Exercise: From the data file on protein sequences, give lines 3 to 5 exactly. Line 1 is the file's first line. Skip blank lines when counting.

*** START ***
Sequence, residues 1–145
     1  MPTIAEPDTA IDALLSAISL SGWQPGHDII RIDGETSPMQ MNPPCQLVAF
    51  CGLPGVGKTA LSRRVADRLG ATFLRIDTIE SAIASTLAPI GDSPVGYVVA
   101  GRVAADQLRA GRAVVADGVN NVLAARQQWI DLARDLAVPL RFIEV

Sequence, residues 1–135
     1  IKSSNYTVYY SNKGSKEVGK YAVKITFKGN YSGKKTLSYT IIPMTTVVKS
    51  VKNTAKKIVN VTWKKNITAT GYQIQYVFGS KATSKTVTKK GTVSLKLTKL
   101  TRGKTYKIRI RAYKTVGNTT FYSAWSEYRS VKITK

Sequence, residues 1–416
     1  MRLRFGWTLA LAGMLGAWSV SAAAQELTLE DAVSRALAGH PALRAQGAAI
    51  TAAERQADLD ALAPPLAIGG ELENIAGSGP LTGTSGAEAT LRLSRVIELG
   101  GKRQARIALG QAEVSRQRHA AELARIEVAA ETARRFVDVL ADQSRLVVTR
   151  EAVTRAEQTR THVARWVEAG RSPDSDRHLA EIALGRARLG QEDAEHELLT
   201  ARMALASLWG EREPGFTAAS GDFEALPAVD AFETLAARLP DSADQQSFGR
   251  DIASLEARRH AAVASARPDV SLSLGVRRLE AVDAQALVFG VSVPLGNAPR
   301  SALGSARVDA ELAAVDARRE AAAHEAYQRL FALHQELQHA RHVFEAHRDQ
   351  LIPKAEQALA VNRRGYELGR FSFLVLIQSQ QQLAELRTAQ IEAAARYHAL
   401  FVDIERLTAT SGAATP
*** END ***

    51  CGLPGVGKTA LSRRVADRLG ATFLRIDTIE SAIASTLAPI GDSPVGYVVA
   101  GRVAADQLRA GRAVVADGVN NVLAARQQWI DLARDLAVPL RFIEV

Sequence, residues 1–135